Wednesday, January 30, 2013

Interesting profile of John Bargh and problems in the goal priming literature

The literature on goal priming has suffered the misfortune of a lot of slings and arrows, some of which were self-inflicted. A couple prominent fraud cases (Stapel, Smeesters) coincided with a number of failures to replicate prominent results (e.g., by excellent experimenters like , and others -- see for some examples). 

In many ways, the replicability crisis reached a crisis point following a couple angry blog posts from John Bargh. At the time, I commented on how those posts were not the right way to respond to a failure to replicate. According to the article, Bargh apparently now agrees (he has since deleted the posts, and that's not the right approach either-- better to add an explanation of his change of heart to them as a marked edit). Bargh's posts touched off a firestorm, with a flurry of email threads and posts both from proponents and "opponents" in the crisis. Danny Kahneman entered the fray by encouraging priming researchers to replicate each other's work in order to shore up the credibility of a field that he has championed in his own writing. They do not appear to have heeded his call, and outsiders to the field continue to attempt direct replications, often finding no effects.

This article by Tom Bartlett at the Chronicle of Higher Education does a nice job describing the sequence of events leading up to the current state of the field. Read it -- it's an excellent synopsis of a thorny set of issues.

Thursday, January 3, 2013

Science journalism best practices: How journalists can learn about failures to replicate

As part of a Google+ discussion of my recent post on whether video game training improves cognition (critiquing a Scientific American Mind article that uncritically evaluated that literature), journalist and author +David McRaney asked an excellent question:
When researching studies like this, how can a journalist better identify if later studies have failed to replicate its results, or that later studies are producing what seems like contradictory evidence?
That's an excellent question. Identifying questionable findings is particularly hard for people who aren't experts in the field themselves. Without being immersed in the controversies, it's tough to grok the state of the field. In some cases, the key is knowing who to ask. In others, it's having a trained BS detector. In still others, it's knowing which questions to ask and when to believe the answers.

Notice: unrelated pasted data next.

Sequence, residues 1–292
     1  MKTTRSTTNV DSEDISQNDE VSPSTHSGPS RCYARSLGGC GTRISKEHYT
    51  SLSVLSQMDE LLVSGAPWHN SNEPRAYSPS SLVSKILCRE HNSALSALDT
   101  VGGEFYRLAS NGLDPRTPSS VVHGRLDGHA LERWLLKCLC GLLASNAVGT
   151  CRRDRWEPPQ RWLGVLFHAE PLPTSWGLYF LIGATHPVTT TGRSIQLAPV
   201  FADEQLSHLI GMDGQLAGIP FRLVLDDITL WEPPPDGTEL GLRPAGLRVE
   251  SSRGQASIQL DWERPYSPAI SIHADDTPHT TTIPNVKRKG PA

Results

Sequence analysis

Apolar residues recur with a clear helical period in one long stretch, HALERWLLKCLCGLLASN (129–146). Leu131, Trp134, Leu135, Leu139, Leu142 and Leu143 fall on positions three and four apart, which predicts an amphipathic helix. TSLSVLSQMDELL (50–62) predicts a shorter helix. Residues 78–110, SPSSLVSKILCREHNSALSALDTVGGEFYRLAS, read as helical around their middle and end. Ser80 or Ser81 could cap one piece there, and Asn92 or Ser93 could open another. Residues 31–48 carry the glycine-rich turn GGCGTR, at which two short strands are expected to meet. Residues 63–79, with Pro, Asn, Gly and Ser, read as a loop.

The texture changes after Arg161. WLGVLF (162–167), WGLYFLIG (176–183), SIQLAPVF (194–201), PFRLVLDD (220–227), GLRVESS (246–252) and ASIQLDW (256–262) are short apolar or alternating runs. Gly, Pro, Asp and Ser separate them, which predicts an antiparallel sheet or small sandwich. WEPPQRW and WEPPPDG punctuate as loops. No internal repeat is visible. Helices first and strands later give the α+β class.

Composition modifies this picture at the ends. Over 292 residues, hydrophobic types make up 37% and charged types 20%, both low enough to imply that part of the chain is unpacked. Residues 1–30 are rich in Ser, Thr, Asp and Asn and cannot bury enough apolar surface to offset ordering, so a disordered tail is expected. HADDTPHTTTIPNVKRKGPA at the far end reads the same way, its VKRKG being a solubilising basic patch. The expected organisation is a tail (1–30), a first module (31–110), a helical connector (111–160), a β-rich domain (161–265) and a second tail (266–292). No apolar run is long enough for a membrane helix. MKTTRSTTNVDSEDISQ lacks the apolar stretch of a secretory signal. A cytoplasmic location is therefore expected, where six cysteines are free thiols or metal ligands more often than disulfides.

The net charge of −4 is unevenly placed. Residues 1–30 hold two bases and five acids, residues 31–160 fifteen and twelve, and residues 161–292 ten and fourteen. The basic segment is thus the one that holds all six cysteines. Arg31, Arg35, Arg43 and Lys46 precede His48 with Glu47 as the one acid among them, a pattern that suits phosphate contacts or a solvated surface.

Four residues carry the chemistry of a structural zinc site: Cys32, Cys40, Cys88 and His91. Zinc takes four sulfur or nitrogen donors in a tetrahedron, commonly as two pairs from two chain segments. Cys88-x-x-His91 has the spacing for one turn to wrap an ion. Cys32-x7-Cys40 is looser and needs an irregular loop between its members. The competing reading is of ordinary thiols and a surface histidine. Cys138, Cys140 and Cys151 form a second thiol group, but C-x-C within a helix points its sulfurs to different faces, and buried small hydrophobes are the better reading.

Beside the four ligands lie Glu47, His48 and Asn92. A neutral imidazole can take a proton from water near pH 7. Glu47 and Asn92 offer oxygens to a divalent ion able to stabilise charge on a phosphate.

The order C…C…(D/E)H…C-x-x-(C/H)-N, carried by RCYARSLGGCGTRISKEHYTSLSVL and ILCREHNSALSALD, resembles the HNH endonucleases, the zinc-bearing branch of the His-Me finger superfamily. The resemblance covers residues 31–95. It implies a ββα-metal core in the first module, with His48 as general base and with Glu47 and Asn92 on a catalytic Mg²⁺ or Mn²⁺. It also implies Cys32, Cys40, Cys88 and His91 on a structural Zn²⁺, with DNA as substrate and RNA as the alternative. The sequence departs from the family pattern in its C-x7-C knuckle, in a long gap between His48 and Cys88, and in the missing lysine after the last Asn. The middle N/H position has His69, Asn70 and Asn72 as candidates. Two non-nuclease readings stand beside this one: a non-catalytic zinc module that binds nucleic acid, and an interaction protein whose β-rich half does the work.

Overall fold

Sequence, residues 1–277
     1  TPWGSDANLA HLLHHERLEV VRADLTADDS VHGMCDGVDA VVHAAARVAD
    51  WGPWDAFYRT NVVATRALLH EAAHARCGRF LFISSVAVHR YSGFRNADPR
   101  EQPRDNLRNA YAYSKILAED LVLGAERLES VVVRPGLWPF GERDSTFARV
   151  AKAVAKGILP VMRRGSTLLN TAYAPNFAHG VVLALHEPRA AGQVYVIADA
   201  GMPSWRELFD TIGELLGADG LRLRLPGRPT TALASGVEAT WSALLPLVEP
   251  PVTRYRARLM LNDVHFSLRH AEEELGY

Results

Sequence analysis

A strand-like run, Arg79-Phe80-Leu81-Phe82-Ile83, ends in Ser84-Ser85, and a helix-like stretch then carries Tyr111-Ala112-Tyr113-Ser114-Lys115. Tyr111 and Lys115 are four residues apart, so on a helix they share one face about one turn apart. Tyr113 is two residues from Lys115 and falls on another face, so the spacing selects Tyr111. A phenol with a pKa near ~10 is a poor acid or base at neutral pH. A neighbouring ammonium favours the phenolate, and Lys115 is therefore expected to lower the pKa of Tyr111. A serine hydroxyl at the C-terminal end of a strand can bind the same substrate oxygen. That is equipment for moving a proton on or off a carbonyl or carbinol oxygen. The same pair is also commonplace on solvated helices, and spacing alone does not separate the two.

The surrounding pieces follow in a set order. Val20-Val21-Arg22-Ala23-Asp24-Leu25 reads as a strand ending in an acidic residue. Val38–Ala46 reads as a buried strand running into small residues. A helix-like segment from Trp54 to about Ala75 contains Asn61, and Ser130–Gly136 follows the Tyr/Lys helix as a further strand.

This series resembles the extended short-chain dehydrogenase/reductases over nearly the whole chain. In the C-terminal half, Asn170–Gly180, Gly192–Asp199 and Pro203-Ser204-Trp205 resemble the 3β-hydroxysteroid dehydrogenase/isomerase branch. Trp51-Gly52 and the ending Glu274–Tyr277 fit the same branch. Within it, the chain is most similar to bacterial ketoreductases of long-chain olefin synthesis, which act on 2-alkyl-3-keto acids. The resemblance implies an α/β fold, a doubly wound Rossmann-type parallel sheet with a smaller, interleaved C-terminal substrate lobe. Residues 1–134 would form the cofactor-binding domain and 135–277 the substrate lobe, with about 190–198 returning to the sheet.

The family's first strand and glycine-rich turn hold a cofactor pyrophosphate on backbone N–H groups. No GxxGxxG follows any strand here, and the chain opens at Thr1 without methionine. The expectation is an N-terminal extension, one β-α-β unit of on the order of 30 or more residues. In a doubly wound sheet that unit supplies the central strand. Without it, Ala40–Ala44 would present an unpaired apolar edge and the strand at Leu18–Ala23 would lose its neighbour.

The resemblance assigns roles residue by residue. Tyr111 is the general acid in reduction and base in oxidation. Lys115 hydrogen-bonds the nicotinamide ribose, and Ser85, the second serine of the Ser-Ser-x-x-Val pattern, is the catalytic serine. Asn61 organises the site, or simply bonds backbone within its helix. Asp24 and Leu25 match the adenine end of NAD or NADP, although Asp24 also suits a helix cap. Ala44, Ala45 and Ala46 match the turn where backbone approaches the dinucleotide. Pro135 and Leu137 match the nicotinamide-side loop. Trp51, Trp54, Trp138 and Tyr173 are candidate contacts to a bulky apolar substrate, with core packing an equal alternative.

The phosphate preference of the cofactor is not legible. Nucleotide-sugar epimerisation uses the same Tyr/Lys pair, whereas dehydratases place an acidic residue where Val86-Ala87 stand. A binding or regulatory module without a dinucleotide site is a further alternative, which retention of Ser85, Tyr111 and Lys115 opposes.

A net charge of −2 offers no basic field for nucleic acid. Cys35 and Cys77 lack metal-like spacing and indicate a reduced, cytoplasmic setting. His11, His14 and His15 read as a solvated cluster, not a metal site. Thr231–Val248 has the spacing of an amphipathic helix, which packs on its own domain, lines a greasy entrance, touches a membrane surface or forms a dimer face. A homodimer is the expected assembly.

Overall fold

One thing a journalist can always do is ask an interviewee if there are any people in the field who disagree with their claims. For any new or controversial claim, some other expert likely will disagree. After all, if a finding makes a theoretical contribution, it presumably adds insight to a debate or controversy of some sort. That doesn't mean that the people who disagree are right or even that it's a real debate (e.g., there are crackpots who disagree with everything, including some who believe the Earth is flat). But if the original author claims that there is no disagreement (without giving any qualifications), they're likely not being entirely forthright, and your skepticism warning system should go to orange status. Scientists should not feel threatened by that question. 

Assuming there is a debate, journalists should contact those on the other side—perhaps they have concrete reasons to doubt the finding.  Good reporting identifies the scope and limits of a new finding and doesn't just regurgitate the claims reported in a press release or noted by the original authors. Ideally, the authors themselves should identify the scope of their finding and the limits on generalizability, but press releases almost never do. If you do interview others in the field, ask them explicitly if there are reasons someone might be skeptical about the finding or reasons to think generalization to society at large might be unmerited (you can always ask those questions of the original authors as well).

David's question raises a bigger issue: the field has not been good about publishing replication attempts, especially replication failures. That makes it harder for those outside the field (who aren't privy to water-cooler knowledge) to know what's solid and what isn't. If there happen to be published failures to replicate, sites like are trying to compile them for public access (they also track unpublished replication attempts). Failed replications are like mice -- if you see one or two, there likely are more that you haven't seen hidden away in the corners of academia. PsychFileDrawer is trying to shine some light on those dusty cabinets.

Another way to check for published replications is to look at who has cited the original paper and look for examples that include a replication (successful or not). If you find the original article on, you can click on the citation count and it will show you a list of all the papers that have cited it since it first was published. (You can also search for the term "replicate" and the names of the original authors.) That will catch some published replication attempts. But, in many cases, there will not have been any published attempts to replicate. Journalists should look both for evidence of successful, direct replication and for evidence of failures to replicate. Journalists also can ask the interviewee if other labs have independently replicated their work (and follow up to make sure). If none have, don't assume that one finding changes the world. Just don't count on the original authors to mention failures to replicate spontaneously.